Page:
While House and Senate appropriators continue to hash out a fiscal 2012 budget for the legislative branch, seven members of the Senate Homeland Security and Governmental Affairs Committee are asking that the Government Accountability Office be spared the knife.
Chairman Joe Lieberman (I-Conn.) and ranking member Susan Collins (R-Maine) wrote Wednesday on GAO’s behalf to Sens. Ben Nelson (D-Neb.) and John Hoeven (R-N.D.), the chairman and ranking member of the Senate Appropriations Subcommittee on the Legislative Branch, and to Appropriations Chairman Daniel Inouye (D-Hawaii) and ranking member Thad Cochran (R-Miss.).
These senior appropriators are proposing an allocation of $504 million for the GAO, which would be a 7.6 percent cut from what the agency received in fiscal 2011. This amount was included in a legislative branch spending bill that the Appropriations Committee approved Sept. 15.
Lieberman and Collins contend that the cut is too drastic.
“As you move to reconcile the House and Senate versions of the ... spending bill, we would like you to ensure that GAO has the resources it needs to fulfill its mission,” Lieberman and Collins wrote. “We ... urge you to direct an appropriate portion of ... funding to GAO to ensure that the agency is able to fulfill its role as the government’s auditor.”
“With our national debt nearing $15 trillion, we must continue to seek cost savings and strive for efficiency throughout the federal government,” the five Senators wrote in the letter, which was spearheaded by Coburn. “We are, however, concerned that the [GAO] is being unfairly singled out with both excessively deep cuts and overly burdensome new mandates that will consume the agency’s more limited resources for no apparent benefit.”
Often referred to as the Congressional watchdog, the GAO is an independent, nonpartisan agency responsible for holding the federal government accountable in its operations and use of taxpayer dollars.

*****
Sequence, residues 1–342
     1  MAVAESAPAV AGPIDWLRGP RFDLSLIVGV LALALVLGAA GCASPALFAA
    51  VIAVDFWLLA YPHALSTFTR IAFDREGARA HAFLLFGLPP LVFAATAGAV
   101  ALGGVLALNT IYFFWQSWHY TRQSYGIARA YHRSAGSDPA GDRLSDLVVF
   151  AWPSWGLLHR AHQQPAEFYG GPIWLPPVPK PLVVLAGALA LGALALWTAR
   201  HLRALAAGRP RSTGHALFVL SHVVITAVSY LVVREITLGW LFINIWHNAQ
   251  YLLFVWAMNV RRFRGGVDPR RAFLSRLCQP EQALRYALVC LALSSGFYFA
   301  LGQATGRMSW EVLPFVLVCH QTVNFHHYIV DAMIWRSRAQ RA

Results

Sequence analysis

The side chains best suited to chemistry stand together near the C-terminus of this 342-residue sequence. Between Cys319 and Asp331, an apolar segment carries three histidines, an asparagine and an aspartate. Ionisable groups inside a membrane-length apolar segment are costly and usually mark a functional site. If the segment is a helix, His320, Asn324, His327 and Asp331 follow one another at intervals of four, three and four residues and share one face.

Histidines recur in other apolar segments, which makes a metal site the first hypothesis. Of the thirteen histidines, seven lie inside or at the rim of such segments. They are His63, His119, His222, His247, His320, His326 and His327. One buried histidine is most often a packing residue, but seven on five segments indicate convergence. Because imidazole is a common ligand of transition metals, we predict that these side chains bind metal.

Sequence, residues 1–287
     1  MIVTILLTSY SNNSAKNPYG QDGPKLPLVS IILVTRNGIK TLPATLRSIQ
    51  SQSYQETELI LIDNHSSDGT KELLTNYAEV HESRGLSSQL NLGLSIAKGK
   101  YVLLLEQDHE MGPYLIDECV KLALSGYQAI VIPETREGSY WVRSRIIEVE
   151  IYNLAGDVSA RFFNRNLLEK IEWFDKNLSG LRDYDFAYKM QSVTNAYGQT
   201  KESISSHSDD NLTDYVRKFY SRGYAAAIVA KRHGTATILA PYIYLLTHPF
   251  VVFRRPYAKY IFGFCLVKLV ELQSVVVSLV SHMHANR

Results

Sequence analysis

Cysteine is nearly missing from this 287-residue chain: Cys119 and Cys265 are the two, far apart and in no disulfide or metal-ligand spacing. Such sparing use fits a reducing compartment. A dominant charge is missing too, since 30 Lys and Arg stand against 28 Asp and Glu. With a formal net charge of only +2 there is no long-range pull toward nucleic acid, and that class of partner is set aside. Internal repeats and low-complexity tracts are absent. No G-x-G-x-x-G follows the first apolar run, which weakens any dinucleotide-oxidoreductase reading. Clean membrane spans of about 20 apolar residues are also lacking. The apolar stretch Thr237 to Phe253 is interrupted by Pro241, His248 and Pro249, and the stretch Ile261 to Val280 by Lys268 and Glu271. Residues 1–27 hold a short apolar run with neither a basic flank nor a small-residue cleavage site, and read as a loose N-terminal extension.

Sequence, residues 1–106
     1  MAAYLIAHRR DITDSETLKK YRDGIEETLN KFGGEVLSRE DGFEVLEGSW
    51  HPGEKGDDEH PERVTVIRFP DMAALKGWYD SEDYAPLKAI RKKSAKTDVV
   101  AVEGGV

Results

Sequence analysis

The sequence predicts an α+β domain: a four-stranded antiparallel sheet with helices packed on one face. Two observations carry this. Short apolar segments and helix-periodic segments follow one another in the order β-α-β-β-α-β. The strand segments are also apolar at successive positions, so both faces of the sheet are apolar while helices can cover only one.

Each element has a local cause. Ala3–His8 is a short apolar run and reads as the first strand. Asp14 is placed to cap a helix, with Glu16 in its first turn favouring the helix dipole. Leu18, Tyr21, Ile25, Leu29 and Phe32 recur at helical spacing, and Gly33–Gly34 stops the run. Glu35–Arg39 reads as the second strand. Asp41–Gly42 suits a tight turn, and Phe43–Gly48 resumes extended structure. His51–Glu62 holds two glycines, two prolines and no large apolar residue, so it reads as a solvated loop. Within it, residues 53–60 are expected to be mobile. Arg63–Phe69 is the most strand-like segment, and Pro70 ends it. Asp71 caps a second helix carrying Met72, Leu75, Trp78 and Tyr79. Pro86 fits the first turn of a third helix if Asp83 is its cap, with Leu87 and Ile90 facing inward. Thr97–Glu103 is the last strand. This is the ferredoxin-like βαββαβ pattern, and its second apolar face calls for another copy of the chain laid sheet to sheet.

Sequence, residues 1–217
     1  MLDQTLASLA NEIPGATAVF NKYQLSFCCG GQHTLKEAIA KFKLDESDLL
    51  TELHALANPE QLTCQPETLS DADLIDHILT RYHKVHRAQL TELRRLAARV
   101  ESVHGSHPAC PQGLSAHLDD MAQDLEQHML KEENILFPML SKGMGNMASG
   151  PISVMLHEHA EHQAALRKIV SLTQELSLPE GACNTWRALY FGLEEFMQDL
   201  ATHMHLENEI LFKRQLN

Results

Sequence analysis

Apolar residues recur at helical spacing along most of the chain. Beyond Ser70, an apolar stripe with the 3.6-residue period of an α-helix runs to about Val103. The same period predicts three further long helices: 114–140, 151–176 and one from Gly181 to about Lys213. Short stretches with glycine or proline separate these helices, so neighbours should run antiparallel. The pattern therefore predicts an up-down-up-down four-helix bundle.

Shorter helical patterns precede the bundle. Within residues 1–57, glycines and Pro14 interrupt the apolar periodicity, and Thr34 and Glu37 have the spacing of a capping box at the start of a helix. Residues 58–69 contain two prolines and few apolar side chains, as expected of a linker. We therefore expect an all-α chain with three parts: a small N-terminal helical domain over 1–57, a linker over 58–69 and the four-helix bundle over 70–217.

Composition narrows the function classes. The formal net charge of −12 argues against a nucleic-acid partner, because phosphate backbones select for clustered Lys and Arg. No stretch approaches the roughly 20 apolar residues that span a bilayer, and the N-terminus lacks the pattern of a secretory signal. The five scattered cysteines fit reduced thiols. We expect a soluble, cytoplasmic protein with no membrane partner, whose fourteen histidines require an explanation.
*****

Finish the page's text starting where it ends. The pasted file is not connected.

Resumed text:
Its reports are important resources for Congressional committees as they draft legislation, and Congressionally mandated GAO studies have increased by more than 30 percent from fiscal 2010 to 2011.
In a report accompanying the bill, the Appropriations Committee estimated that the proposed cuts would require the GAO to reduce its staff below 3,000 full-time employees through hiring freezes, attrition and early retirement.
“The Committee recognizes that its recommendation will require the GAO to implement severe measures, including a significant and historic reduction in staff,” the report said.
Nelson said lawmakers would have to accept that financial constraints would require them to curb their GAO requests.
“I hope my colleagues are prepared,” he said when the committee convened to approve the legislative branch spending bill. “As many of these agencies can tell you, Members have not demonstrated fewer requests for these services in recent years. It is, in fact, the opposite.”
John Hart, a spokesman for Coburn, said the committee members appear to be “shooting the messenger” with their proposed cuts. The five Senators warned in their letter that the entire legislative branch would “suffer as a result of this dramatic cut.”
“As we seek solutions to our nation’s fiscal crisis, GAO’s nonpartisan expertise has never been more valuable,” they wrote.
The five Senators also criticized the committee’s recommendation that the GAO attach a “cost analysis to every report requested by a member or a committee,” which they wrote would be “an overly burdensome mandate.”
Hart said it was no coincidence that the co-signers of both letters serve on the Homeland Security and Governmental Affairs Committee.
“I think there’s a common commitment to oversight on this committee and a common appreciation for what the GAO has done to identify duplication,” he said.
Hillary Rodham Clinton, center, along with former Secretary of State Madeleine Albright, right, and Annette Tilleman-Dick, left, wife for former Rep. Tom Lanots, D-Calif. Clinton was honored with the Tom Lantos Human Rights Prize during a ceremony last week at the Cannon House Office Building. Previous winners include the Dalai Lama and Elie Wiesel.
Each year since 1990, CQ Roll Call has reviewed the financial disclosures of all 541 senators, representatives and delegates to determine the 50 richest members of Congress. This year's report, derived from forms covering the calendar year 2012, shows it took a net worth of $6.67 million to crack the exclusive club.